- What is a Double Cross in Golf?
- Causes of a Double Cross:
- 4-Tips to Fix a Golf Double Cross:
What is a Double Cross in Golf?
Golf Double cross occurs when your golf ball travels in the opposite direction from where you intended.
If, for example, a tree crosses your line to the green, your only option is to fade. As a right-handed golfer, you aim towards the left of your target, expecting a left-to-right hand shape, but you fail to get that shape. As a result, it develops a drawn shape and hooks away from you.
That’s a double-cross.
The Double Cross can be a product of poor aim or caused by an incorrect swing plane that is steeper or shallower than intended. Additionally, it can be caused by a flaw in your release pattern or an incorrect clubface alignment at impact.
In short, a double-cross is when your golf ball moves in an opposite direction than intended — either a draw instead of a fade or a hook instead of a slice.
It’s an occurrence that can lead to missed fairways and poor scores but can be corrected by refining different aspects of your technique. With some practice and improved swing mechanics, you can get back on track and avoid the double-cross.
Causes of a Double Cross:
1. Ball Position
Many golfers make the mistake of positioning their ball too far forward in their stance. This can cause you to swing too steeply, causing the ball to travel left of your target.
2. Grip Pressure:
If you grip the club too tightly, your arms can become sluggish and delay the release. This can cause you to hit a hook.
3. Clubface Alignment:
4. Swing Plane:
A steep swing plane can cause the golf ball to travel left. Additionally, a flat swing plane can cause your ball to go right.
5. Release Pattern:
An incorrect release pattern can also contribute to a double-cross. If your hands are too active or passive on the downswing, you could hit a hook or draw instead of a fade.
6. Rotation Speed
If you don’t rotate your body fast enough, your arms and hands can get ahead of the clubhead, creating a draw or hook.
4-Tips to Fix a Golf Double Cross:
1. Correct Your Weight Position
The key to increasing fades is to load your front foot with weight at the address and maintain that weight on your trail leg through impact. That position encourages you to keep your body open through impact.
Experience how your ball fades when you keep the clubface open at impact with half swings.
As you prepare to draw, lift up your back foot and reposition all your weight on your lead leg.
As a result of these drills, you will be able to accurately execute fade and draw shots, and avoid making double crosses consistently.
2. Correct Your Swing Path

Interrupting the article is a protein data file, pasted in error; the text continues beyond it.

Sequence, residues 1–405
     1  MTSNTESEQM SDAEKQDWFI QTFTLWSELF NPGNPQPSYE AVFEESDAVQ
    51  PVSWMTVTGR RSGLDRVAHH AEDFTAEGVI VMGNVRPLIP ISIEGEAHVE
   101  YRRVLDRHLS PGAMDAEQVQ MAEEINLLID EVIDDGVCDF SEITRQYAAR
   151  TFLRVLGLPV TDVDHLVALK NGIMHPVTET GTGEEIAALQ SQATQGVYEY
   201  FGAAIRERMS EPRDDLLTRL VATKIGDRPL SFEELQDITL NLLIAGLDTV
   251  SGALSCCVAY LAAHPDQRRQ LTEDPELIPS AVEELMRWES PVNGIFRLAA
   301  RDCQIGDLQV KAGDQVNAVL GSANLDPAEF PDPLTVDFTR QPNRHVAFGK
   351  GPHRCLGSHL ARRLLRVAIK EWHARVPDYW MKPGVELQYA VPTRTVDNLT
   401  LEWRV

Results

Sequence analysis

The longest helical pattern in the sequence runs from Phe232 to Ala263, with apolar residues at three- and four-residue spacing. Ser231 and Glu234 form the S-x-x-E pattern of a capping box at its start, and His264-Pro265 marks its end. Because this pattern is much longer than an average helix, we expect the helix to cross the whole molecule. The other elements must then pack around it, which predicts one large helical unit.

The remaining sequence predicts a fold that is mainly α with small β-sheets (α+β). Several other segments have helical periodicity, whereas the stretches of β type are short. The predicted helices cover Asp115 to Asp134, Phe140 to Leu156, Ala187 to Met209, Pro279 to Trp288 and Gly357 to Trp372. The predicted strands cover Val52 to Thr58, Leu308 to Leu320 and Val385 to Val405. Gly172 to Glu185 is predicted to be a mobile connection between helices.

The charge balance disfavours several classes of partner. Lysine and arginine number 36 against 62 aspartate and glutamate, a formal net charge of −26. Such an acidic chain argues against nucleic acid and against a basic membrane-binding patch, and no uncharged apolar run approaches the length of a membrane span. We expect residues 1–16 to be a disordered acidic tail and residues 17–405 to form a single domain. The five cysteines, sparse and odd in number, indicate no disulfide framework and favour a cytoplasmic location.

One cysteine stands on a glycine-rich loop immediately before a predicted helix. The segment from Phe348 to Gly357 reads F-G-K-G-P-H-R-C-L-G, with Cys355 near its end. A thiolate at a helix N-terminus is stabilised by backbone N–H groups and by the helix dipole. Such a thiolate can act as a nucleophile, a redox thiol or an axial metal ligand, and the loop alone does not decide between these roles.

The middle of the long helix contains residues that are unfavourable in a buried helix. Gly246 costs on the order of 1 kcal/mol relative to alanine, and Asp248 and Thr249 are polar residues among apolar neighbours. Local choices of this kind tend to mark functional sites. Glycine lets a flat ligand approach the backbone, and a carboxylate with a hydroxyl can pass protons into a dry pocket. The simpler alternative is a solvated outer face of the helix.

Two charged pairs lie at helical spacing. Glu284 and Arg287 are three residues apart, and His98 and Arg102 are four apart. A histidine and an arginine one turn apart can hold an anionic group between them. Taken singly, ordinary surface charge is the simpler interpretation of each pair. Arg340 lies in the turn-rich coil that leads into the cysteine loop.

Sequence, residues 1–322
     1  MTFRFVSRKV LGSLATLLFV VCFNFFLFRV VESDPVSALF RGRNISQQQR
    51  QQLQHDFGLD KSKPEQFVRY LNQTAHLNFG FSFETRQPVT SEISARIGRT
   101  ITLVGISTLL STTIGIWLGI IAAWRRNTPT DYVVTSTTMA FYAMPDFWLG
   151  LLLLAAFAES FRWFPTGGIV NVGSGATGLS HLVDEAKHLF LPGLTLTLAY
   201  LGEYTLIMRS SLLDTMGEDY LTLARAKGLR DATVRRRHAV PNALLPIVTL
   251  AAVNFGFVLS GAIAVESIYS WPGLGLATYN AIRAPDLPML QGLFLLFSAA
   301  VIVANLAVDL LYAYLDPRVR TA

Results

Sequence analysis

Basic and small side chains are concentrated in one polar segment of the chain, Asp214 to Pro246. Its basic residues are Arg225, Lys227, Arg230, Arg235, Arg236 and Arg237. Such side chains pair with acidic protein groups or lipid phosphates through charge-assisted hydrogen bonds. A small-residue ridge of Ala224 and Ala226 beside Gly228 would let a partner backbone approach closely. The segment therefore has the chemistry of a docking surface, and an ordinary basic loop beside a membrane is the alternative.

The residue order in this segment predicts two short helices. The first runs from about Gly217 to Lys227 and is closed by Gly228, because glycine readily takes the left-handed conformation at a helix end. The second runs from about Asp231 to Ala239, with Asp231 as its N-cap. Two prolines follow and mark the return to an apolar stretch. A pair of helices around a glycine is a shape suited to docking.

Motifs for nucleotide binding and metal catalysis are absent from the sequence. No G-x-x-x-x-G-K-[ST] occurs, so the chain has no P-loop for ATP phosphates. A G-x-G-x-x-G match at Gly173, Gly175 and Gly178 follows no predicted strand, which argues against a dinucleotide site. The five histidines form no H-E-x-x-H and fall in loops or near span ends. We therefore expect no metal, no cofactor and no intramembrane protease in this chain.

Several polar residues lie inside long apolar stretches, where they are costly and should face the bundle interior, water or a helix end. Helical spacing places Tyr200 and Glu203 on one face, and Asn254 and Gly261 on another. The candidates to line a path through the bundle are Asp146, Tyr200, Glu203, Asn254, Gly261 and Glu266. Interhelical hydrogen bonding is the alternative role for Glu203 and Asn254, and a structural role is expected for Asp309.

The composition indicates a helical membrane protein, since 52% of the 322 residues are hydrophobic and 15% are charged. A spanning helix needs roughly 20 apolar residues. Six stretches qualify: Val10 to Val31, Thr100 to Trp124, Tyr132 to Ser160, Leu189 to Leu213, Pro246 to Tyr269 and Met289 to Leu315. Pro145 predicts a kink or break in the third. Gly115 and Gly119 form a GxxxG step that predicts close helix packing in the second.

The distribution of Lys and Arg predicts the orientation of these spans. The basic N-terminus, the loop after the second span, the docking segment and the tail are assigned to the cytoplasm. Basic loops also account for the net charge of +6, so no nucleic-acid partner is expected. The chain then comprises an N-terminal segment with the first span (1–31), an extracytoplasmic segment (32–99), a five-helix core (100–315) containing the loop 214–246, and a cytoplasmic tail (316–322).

The clubface must be positioned at impact to ensure the ball travels in the intended direction when the club veers off the intended swing path. If the clubface is not angled at impact properly, the ball will travel too far.
To maximize your chances of closing your face at impact, swing in and out when preparing to strike a draw.
If you are a right-hander, a fade or slice is a result of an open clubface at the impact that causes left-to-right sidespin. You should widen your stance and place the ball in the center of your stance.
After that, take your club back and out from your body, then follow an inside path on your downswing.
When the clubface cuts across the ball, the open face generates sidespin, causing the ball to fade.
3. Rotate Through Impact
If you manage your hip rotation before impact, your hands lead the clubhead, which often results in a closed clubface position and hooks.
Then, take three practice swings and adjust the hip rotation through impact so that you propel your clubface along the intended line. As a result, you will be more likely to hit your intended shot shape with increased power.
4. Position Your Clubface at Impact
You will notice a difference in your ball striking and clubface position at impact once you implement the above steps into your swings.
In order to keep your club on the plane the entire way, I suggest breaking your backswing down into three parts and then commencing your downswing after you reach the top of your backswing.
It’s important to take baby steps after this drill if your club remains off the plane. Make a half swing, pause, and focus on swinging inside if you want to fade the ball or outside if you want to draw it.
You can improve your consistency and avoid double-cross shots by knowing where your club is when you swing at that point.
You get a double-cross when your golf ball goes the opposite way from where you intended.
To fix a double cross, you should adjust your weight position and ensure that your clubface is aligned properly at impact. You should also adjust your swing path and rotation speed to ensure that the clubface meets the ball with the correct angle.
Finally, focus on breaking down your backswing into three parts and swinging inside for a fade and outside for a draw. This will help you improve your consistency and avoid double-cross shots.
You will be able to tell if you are hitting a double cross by looking at the flight of the ball. A double cross is characterized by a curved trajectory that veers off in both left and right directions, as opposed to one single direction. If you notice your ball trajectory curving in both directions, you are likely hitting a double cross.
The double cross is a frustrating mistake in golf, but it can be avoided with the right technique. To prevent double crosses, make sure you are positioned correctly and that your swing path and clubface are aligned properly.
Additionally, focus on breaking down your backswing into three parts, and swinging inside for a fade and outside for a draw. With some practice, you can improve your consistency and avoid double-cross shots in your game.